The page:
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Wyoming road melted by Yellowstone super volcano’s heat

No, that’s not poor road maintenance that you might be seeing in Wyoming’s Yellowstone National Park these days- that’s melted asphalt caused by heat generated by a supervolcano.

Sound ominous? Not really. Well, sort of. Let’s explain.

A handful of roads, including one to Old Faithful, the park’s most famous landmark, have begun to crack underneath a combination of summer heat and heat underneath the surface from the caldera (the round gap created by past eruptions) of the park’s supervolcano.


There have been fears that the Yellowstone supervolcano could be on the verge of erupting, following the viral spread of a video earlier this year showing animals sprinting (it was a false alarm) from the park. And while geologists don’t know when it may next erupt, this is believed to be a relatively ‘normal’ happenstance that comes with pavement being built on top of one of the world’s largest volcanoes.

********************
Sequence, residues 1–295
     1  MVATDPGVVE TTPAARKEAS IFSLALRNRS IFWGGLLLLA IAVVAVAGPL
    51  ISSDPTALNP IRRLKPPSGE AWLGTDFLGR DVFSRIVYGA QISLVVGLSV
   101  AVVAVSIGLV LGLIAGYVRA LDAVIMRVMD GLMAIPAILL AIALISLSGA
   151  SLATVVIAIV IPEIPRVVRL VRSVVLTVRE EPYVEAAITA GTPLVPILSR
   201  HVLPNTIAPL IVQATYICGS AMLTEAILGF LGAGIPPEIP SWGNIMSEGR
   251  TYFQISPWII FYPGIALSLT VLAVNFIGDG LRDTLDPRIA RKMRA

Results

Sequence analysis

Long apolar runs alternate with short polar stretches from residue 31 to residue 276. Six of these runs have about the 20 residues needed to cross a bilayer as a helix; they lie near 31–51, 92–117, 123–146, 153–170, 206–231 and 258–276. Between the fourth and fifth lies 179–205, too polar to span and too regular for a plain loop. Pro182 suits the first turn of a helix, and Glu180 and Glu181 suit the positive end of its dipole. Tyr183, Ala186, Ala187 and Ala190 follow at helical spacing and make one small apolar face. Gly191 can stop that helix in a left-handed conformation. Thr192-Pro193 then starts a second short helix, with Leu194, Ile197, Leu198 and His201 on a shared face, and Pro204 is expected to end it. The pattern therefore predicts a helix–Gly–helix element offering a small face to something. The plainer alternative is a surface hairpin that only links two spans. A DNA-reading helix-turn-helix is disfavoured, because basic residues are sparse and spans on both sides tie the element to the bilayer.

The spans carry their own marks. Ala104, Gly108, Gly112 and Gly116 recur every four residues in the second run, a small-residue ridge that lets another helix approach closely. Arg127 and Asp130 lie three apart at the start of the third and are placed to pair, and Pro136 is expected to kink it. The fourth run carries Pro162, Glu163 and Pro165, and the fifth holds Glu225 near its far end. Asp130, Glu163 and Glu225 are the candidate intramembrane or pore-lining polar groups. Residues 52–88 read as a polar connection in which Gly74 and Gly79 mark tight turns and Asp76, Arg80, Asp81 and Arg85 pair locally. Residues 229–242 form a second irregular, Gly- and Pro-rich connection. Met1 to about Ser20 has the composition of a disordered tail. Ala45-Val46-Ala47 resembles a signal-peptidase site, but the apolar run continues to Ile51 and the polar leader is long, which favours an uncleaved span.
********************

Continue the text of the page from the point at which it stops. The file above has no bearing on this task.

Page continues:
The supervolcano – one of only six such designated in the world – last erupted about 640,000 years ago, according ot U.S. Geological survey records, but it has the power to potentially wipe out a huge portion of the United States. Geologists aren’t sure when it may erupt again, but if it were to do so, the lava could cover a large swath of the U.S. and shroud the world in a plume of smoke.

So, um, hopefully that supervolcano doesn’t erupt.

Meteorologist Chris Bianchi

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